#### Initialization for subcarrier assignment

We use the idea from [18], where the initialization has two steps. First, the cardinality, i.e., the number of subcarriers assigned to each user, is evaluated according to the average CNR over subcarriers and the rate and power constraints. After that, specific subcarriers are assigned to users according to these evaluated numbers. To fit the idea to our problem, we propose the cardinality evaluation, summarized in Algorithm 1. In each iteration, only one cardinality increases by one. If the sum power for reaching the minimum required rates is beyond the power limit, we add one to the cardinality that induces the largest power decrement. Otherwise, we add one to the cardinality, which results in the largest weighted sum rate to (11) without the minimum rate constraints considered.

##### Algorithm 1. Cardinality evaluation

1: $1/{H}_{k}\leftarrow 1/N\sum _{k=1}^{K}1/{g}_{k,n},k=1,\dots ,K$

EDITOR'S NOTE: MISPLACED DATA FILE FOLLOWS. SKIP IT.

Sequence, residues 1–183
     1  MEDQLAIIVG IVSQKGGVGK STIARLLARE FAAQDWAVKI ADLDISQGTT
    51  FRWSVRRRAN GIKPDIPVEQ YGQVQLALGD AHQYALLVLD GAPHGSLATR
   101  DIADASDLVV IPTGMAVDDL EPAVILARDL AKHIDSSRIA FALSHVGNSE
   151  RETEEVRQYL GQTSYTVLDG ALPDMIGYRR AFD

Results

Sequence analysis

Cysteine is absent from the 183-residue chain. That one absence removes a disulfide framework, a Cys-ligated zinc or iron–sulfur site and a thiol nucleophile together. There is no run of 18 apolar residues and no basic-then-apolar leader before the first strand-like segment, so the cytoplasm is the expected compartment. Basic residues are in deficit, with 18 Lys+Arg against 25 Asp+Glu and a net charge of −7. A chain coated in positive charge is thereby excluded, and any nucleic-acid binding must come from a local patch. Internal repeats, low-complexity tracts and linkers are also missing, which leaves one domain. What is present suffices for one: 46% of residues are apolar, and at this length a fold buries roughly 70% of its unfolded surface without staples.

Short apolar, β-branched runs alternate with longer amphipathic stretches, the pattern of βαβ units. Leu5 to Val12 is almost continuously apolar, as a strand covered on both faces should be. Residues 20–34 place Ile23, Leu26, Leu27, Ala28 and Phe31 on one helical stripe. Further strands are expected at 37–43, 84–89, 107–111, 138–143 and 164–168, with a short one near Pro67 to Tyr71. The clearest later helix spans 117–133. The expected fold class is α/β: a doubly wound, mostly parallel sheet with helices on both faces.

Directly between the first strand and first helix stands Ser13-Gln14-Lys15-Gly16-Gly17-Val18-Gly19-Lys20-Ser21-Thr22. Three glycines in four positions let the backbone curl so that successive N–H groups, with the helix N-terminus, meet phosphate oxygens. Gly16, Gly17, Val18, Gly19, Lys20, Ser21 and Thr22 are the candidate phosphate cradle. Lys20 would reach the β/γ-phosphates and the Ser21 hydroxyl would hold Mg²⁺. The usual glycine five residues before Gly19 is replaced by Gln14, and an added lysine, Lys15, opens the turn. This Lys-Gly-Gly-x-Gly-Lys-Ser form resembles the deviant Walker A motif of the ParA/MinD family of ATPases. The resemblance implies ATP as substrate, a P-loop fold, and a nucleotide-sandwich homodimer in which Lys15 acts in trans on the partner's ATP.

2: *s*_{
k
}←1, *k*=1,…,*K*

3: **for** *i*=1,…,*N*−*K* **do**

4: **if**$\sum _{k=1}^{K}{s}_{k}({2}^{\frac{{R}_{k}+\frac{M}{L}}{{s}_{k}}}-1)/{H}_{k}>P$**then**

5: $\begin{array}{l}\widehat{k}\leftarrow arg\underset{k=1,\dots ,K}{max}\\ \left({s}_{k}/{H}_{k}({2}^{\frac{{R}_{k}+\frac{M}{L}}{{s}_{k}}}-1)-({s}_{k}+1)/{H}_{k}({2}^{\frac{{R}_{k}+\frac{M}{L}}{{s}_{k}+1}}-1)\right)\end{array}$

6: **else**

7: $\begin{array}{l}\widehat{k}\leftarrow arg\underset{l=1,\dots ,K}{max}\left(\sum _{k=1,k\ne l}^{K}{w}_{k}{s}_{k}{\text{log}}_{2}\right.\left({w}_{k}{H}_{k}\frac{P+\sum _{k=1}^{K}{s}_{k}/{H}_{k}}{\sum _{k=1}^{K}{s}_{k}{w}_{k}}\right)+{w}_{l}({s}_{l}+1){\text{log}}_{2}\end{array}$$\begin{array}{l}\left.\left({w}_{l}{H}_{l}\frac{P+\sum _{i=1}^{K}{s}_{i}/{H}_{i}+1/{H}_{l}}{\sum _{i=1}^{K}{s}_{i}{w}_{i}+{w}_{l}}\right)\right)\end{array}$